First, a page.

For about a year, the lagoon has been spared discharges from Lake Okeechobee, a major source of algae-laden water. In communities around the lagoon, septic tanks are being replaced by sewer systems, reducing another source of pollution. And wetlands have been constructed that extract nutrients from water washing off farms and lawns.
But even if the lagoon's water quality improves and it gets through the summer without another horrific episode of toxic algae, Perry said seagrass takes time to grow.
"Even if we could correct the water quality problems, get the water right for seagrass to grow," he said. "It's going to be a long time, a couple of years. It's going to be slow, so we'll still see some elevated mortality."
Since 2009 the seagrass acreage in the lagoon has decreased by 58%. And the remaining seagrass beds have fallen sharply in productivity, with seagrass cover thinning by 89%, according to the St. Johns River Water Management District.
Water quality showed improvement this year, however, said Ashley Evitt, spokeswoman for the water management district. But while many projects are in the works to reduce incoming pollution and cleanse the lagoon, it will take years for seagrass to recover, she said.
"The district anticipates the need for several years of good water quality to see a substantial response in seagrass restoration; and unfortunately, it isn't possible to predict water quality for next year or beyond," she said in an email. "… It would be a fair assumption that until the amount of seagrass in the [Indian River Lagoon] increases, manatees may continue to struggle next winter."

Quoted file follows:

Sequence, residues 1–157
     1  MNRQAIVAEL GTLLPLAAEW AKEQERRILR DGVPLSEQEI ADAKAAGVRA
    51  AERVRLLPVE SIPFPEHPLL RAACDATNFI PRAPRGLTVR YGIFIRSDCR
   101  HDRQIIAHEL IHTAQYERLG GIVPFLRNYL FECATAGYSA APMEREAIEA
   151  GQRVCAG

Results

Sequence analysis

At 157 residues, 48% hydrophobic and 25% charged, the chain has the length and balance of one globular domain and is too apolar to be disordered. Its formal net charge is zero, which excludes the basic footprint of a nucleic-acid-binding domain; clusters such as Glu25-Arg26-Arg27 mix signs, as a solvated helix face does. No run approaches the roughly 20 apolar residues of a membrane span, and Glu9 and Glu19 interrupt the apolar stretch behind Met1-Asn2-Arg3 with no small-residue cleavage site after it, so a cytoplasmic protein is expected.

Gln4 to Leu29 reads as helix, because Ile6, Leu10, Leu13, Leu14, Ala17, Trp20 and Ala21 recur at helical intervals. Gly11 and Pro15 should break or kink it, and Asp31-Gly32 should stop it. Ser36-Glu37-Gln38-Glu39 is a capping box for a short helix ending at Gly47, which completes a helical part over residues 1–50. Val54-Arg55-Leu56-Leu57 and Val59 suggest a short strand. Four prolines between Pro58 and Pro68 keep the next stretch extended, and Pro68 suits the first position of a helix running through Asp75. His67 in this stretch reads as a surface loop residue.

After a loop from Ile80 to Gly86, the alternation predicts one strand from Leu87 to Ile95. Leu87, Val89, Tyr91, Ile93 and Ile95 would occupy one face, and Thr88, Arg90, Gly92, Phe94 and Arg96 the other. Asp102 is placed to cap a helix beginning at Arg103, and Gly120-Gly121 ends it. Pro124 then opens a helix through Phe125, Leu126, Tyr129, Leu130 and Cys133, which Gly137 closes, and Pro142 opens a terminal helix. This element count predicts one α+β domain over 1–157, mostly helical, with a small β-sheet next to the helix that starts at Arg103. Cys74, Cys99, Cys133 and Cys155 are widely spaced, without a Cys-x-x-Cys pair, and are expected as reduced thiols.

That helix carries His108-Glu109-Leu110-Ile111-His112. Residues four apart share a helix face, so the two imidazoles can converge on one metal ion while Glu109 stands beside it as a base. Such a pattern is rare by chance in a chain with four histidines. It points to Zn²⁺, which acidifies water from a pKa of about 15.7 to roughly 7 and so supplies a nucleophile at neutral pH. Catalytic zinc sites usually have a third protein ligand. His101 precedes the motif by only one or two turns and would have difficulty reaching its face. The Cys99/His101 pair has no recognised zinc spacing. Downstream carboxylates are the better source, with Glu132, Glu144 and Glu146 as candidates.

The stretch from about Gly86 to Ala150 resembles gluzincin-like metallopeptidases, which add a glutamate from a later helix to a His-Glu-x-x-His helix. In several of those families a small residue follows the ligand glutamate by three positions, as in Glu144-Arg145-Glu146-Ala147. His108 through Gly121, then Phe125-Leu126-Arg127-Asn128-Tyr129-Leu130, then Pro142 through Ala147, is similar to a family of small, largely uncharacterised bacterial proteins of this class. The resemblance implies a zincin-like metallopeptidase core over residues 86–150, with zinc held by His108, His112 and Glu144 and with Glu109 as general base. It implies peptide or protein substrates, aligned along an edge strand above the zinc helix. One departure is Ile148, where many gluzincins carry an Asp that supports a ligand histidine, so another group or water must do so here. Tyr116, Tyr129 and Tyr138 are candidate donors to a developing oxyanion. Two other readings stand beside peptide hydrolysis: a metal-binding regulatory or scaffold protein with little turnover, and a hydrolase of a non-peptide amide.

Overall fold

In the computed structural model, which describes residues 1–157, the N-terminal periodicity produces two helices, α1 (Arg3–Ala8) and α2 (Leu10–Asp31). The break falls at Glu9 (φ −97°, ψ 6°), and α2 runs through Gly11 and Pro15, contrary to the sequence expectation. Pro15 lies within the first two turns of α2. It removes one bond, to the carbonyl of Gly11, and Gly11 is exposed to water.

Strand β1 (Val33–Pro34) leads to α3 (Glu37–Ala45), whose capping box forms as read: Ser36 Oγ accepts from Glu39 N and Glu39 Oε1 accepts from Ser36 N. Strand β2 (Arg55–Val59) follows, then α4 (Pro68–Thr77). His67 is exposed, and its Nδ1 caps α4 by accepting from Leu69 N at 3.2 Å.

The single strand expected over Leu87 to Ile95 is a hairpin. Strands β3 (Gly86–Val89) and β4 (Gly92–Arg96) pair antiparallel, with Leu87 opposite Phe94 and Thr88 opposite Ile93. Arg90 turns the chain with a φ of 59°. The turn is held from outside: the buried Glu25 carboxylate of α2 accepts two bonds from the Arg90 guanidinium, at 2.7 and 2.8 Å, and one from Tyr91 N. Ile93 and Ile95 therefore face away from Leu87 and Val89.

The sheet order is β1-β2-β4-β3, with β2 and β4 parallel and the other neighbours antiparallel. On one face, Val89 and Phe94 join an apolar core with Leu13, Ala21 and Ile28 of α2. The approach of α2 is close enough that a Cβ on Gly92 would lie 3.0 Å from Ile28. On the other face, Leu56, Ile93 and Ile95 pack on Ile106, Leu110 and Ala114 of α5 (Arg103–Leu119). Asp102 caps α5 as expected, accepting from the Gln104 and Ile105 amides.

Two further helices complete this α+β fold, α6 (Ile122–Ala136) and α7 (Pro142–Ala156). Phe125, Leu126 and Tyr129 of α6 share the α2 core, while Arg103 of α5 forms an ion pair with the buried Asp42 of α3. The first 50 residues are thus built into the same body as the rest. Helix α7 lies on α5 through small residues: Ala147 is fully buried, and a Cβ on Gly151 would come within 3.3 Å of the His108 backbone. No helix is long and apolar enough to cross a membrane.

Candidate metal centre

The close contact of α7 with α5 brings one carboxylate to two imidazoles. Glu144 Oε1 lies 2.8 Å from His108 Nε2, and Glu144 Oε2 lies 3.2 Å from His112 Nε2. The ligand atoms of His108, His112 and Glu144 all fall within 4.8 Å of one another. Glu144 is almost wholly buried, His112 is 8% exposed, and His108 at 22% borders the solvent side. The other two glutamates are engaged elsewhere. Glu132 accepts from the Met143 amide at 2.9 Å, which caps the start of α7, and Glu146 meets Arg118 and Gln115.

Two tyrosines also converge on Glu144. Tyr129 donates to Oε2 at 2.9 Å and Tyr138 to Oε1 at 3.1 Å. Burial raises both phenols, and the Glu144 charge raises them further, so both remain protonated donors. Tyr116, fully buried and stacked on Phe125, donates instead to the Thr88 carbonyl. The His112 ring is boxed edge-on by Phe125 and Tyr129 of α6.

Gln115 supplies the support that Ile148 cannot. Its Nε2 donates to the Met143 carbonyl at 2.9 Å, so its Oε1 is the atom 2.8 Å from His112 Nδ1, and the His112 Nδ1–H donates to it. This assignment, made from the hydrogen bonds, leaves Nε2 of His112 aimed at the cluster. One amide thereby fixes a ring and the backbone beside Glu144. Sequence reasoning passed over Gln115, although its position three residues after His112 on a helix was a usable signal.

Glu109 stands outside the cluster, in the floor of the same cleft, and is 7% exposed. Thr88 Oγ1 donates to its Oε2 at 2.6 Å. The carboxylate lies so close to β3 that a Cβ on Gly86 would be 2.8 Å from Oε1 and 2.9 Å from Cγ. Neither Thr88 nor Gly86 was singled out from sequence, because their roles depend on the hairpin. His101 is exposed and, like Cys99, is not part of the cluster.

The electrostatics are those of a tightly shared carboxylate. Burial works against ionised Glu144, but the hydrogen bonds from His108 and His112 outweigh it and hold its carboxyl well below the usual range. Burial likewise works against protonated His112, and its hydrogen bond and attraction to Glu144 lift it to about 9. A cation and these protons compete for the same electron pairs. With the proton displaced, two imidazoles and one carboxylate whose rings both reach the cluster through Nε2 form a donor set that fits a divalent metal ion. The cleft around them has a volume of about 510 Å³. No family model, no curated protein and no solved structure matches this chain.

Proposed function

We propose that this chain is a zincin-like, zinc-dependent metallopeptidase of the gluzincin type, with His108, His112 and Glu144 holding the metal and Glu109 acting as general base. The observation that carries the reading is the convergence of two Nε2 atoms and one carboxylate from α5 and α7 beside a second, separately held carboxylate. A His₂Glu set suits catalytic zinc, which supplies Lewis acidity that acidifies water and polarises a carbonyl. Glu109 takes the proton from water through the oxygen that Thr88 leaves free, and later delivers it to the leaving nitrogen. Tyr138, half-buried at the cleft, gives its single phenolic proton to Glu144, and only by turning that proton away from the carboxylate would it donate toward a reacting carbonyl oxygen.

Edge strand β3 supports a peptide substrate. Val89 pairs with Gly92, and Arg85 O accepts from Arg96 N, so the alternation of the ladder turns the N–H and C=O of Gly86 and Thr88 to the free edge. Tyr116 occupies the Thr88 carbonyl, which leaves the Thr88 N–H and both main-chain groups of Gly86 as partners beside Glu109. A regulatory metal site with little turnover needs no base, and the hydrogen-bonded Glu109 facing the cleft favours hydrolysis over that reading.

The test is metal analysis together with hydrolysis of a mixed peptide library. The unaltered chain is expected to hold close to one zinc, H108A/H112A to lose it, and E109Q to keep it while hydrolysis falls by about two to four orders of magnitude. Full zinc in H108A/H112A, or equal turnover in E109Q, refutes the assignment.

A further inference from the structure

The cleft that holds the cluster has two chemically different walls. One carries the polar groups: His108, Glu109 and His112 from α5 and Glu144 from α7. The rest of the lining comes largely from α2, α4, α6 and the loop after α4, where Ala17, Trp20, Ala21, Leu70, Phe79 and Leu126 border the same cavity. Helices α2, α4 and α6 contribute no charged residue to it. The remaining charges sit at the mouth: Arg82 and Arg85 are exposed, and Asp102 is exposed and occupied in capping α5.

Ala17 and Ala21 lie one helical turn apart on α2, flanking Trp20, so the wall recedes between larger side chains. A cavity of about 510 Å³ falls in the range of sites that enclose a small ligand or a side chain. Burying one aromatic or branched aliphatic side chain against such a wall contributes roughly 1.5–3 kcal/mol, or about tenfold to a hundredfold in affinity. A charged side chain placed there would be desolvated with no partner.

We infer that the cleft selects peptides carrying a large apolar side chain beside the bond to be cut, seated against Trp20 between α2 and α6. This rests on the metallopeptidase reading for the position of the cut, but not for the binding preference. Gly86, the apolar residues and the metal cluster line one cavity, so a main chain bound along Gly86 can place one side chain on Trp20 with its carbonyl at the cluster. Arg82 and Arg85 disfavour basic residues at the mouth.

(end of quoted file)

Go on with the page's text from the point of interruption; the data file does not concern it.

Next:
Three environmental groups have filed formal notice of intent to sue the Environmental Protection Agency for allowing Florida to impose what they considered to be weak water-quality standards with lax enforcement that allowed pollution to build up in the lagoon.
Jaclyn Lopez, Florida director for the Center for Biological Diversity, said Florida does little to enforce standards intended to reduce the amount of fertilizers and other pollutants washing off farms, ranches and lawns.
"We have a bunch of laws and regulations through the Clean Water Act and through Florida's version of that that are intended to address land use in a way that there isn't really bad runoff that just pushes all these nutrients into the water," she said. "Those laws are not being followed and they're not being enforced. So we have a compliance issue and we also have an enforcement issue."